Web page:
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Breastfed Matters by Michelle Branco - Dealing With Mastitis

Breastfed Matters:
Dealing With Mastitis

by Michelle Branco

Q: I am nursing my seven-month-old, but have been battling mastitis and plugged ducts for over two months now. Every time I think I have finally beaten it, it comes back with a vengeance – I can’t deal with constantly feeling sore and sick anymore. What should I do?

A: Let’s get one thing straight right off: Feeling well and being healthy should not require weaning your baby. Breastfeeding should make mothering easier and improve your family’s health.

Plugged ducts are often the canary in the coal mine that tells mothers something is not quite right with their breastfeeding relationship. Milk ducts that are flowing freely and often don’t become plugged; generally, infections like mastitis occur after the plugged duct has a made a “nest” for them.

Are you feeding often enough? If you abruptly start going longer between feedings, even for just part of the day, you may find that you need to express some milk (or shorten that interval by nursing). This sometimes comes up when Mom returns to baby-free activity like going to the gym or work.

Are you pumping? Regular pumping can contribute to plugged ducts in some women by increasing milk production while being less effective than her baby at emptying the breast. If you are trying to build a stash, try pumping once a day at around the same time. Make sure that your pump is fitted properly, is operating correctly (suction can slowly die off), and that you are not creating pinch points by pushing the pump into your breast as you pump.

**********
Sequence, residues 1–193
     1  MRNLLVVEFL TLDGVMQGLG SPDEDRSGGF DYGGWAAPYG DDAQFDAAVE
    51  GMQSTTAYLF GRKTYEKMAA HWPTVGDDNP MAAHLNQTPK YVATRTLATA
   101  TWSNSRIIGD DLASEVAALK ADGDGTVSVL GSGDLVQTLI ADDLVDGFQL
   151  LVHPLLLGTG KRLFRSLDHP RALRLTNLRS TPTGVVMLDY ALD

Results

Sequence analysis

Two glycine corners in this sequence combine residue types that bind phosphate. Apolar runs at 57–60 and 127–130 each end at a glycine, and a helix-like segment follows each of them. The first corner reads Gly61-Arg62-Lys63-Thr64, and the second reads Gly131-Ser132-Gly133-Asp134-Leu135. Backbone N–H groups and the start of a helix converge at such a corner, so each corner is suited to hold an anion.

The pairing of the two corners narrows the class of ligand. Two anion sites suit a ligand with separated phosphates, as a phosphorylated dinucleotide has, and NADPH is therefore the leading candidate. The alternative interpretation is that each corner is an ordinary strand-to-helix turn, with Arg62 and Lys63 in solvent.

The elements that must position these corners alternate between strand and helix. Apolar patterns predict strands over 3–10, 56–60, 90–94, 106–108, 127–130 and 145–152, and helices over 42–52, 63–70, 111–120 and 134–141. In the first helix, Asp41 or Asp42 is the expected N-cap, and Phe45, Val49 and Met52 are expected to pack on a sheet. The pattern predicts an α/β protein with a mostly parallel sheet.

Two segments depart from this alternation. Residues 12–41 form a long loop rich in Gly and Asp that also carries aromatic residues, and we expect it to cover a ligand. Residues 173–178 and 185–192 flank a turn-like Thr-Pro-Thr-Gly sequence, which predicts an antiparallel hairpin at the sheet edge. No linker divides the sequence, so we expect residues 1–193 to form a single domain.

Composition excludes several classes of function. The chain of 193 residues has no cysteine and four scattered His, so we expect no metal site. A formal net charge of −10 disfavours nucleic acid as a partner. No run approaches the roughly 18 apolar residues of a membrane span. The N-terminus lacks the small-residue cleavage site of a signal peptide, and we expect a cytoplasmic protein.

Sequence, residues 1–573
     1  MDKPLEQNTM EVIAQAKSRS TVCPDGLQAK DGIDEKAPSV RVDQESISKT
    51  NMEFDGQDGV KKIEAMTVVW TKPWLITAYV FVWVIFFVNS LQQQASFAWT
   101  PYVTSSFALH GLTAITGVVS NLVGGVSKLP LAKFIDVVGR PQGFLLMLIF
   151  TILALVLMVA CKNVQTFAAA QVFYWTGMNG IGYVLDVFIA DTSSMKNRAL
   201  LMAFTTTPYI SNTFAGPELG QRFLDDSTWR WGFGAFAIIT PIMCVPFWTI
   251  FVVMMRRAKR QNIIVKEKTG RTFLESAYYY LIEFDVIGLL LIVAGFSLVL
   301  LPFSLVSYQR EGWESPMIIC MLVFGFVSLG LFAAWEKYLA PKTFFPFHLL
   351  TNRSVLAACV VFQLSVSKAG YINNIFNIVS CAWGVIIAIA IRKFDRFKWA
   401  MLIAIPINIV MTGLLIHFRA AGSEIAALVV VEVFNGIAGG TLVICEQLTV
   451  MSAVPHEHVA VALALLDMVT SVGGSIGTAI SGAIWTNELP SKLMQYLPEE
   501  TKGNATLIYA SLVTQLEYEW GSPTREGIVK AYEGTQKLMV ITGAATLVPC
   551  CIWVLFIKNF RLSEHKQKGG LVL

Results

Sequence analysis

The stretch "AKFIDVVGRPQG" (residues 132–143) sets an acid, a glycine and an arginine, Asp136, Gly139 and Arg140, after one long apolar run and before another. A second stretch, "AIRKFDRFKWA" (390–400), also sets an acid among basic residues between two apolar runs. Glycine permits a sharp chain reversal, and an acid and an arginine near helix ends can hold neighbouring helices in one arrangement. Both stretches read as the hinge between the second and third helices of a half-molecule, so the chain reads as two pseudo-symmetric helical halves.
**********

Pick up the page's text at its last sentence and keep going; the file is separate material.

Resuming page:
For clearing plugged ducts, pumps can be useful because they keep going longer than a baby will once full! Many mothers find that for plugs, a manual pump where they control the pace and suction helps.

Are you getting enough rest? Just like a cold will often catch up to us when we’ve been burning the candle at both ends, exhaustion and stress often precede a bout of plugged ducts and mastitis.

Is your baby breastfeeding effectively? The first sign of a baby not feeding effectively is usually poor weight gain – but not always. Having breastfeeding assessed by a lactation consultant (IBCLC) will help to identify the root cause and allow you to create a plan to address it.

Do you have “sticky” milk? While breastfeeding mothers can largely eat whatever diet they prefer, diets high in processed foods that contain large amounts of saturated and trans fats do affect the type of fat contained in breast milk. These types of fats seem to be more prone to creating blockages. The foods they come in are also not generally particularly nutritious, doing nothing to prevent infection and increase overall well-being.

Are you creating blockages? When I was breastfeeding, I had a particular handbag that I really loved, but I didn’t use very often because I was usually wearing my babies. As they got older and walked more, I did use it for fancier outings – and invariably, the next few days I would be working out a plugged duct in the same place in my right breast. It took me several bouts to figure out there was something about the way the strap pressed against my shoulder that caused a plug – every time. I’ve heard similar stories about backpacks, bras, and even baby carriers. While going bra-free is often helpful, mothers with very large breasts may prefer wearing a soft, comfortable support.